Though the Italian Riviera is stunning, I didn’t think that the locale itself would be a panacea for our problems. What was worth considering was the fact that we were both willing to give up everything we had worked for and step into this idea together. At the height of his career, Tim was willing to quit his job. That caught my attention and made me realize that this was not an opportunity to be ignored. Turning a corner together, even without knowing the outcome was enough. Our main goal was to save our family, and we hoped that the details about how to do it would reveal themselves as we went.
Once settled in Italy, what were the biggest changes you noticed with yourself, in your marriage, and with your kids?
Our relationship began to change right away. Once we landed in Italy, we needed to act as a team. We didn’t know the language or culture. We didn’t even know where to find the grocery store! Our days involved instantly improved communication and problem-solving as we went about the task of setting up our new life. We had to let go of past history and look ahead to provide a stable home for our displaced children. Because of the various situations we found ourselves in, there was abundant humor.
Drastically simplifying our lifestyle was liberating beyond words. I did not expect it. At first, I missed some of our belongings, but the memory of them soon faded as they were replaced with adventure and a renewed sense of family. Time was now spent on “doing and enjoying new experiences” rather than “owning and settling down.” I found a direct correlation between the absence of the material and abundance of the spiritual.
Our children were introduced to a life without a family car and very limited technology. Though this was initially greeted with loud sighs and arms folded in anger, we watched Katie and Matthew become interdependent at an emotional level previously unknown to them. They turned toward each other and relied on each other in order to find their way on a new continent and survive this bizarre turn of events.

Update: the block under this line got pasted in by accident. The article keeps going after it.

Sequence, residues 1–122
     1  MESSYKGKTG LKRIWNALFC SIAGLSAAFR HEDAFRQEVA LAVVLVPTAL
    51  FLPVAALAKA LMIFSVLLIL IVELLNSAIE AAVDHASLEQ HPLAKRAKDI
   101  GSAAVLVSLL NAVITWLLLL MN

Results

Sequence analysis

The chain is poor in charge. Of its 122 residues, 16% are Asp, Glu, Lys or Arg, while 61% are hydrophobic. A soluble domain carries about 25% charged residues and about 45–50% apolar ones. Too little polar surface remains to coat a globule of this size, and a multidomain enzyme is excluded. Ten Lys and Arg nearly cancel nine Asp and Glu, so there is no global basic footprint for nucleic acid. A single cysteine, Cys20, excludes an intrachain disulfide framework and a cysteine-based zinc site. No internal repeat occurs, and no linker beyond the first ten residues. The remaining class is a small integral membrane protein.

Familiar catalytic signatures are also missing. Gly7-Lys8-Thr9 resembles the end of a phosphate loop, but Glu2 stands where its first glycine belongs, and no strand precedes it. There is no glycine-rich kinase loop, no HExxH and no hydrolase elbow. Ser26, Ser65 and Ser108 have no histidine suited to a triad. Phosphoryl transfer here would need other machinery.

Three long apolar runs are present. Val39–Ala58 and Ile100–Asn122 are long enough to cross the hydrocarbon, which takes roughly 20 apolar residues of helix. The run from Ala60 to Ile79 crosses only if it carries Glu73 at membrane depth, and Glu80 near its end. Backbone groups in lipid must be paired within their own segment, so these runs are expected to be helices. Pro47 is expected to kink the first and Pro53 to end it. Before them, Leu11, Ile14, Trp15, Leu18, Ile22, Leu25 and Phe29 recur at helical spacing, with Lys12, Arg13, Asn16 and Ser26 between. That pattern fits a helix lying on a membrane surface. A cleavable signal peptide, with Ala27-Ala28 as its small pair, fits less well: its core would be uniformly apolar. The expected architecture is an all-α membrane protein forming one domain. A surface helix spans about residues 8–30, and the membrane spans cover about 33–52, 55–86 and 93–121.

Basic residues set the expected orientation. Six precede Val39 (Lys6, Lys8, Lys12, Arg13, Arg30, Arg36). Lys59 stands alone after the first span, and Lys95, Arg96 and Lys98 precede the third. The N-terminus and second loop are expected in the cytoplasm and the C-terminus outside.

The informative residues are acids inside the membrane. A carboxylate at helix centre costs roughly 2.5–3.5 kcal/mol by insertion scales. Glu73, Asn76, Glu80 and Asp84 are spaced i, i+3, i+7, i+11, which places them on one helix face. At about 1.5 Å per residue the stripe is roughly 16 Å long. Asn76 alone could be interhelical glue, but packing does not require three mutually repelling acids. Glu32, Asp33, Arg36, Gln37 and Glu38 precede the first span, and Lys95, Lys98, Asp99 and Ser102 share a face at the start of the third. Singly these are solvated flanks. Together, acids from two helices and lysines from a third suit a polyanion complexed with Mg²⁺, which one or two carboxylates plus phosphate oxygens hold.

What about living the Italian lifestyle do you think spurred these changes? Was it really something about Italy or was it about being away from home and away from the life you had created here?
It was a combination of the two. Italy delights the senses and Italian culture supports the family in ways that were very healing for us. Italians close their shops for three hours midday to go home and eat as a family, they stroll together through town early evenings and Sunday afternoons (la passeggiata), and it’s okay to put things off until tomorrow (domani). The food is fresh, and the people are warm and inviting. All of this enabled us
to slow down and enjoy the moment, be present for one another. The old adage rang true that Americans live to work and the Italians work to live.
Stepping outside of the life we had created in Los Angeles enabled us to see ourselves in a new light. I was able to peel away the years and see with sudden clarity how our choices began to work against us. I don’t know that we would have fully recognized the roles that stress, exhaustion and culture played in the crumbling of our relationship had we not chosen to move.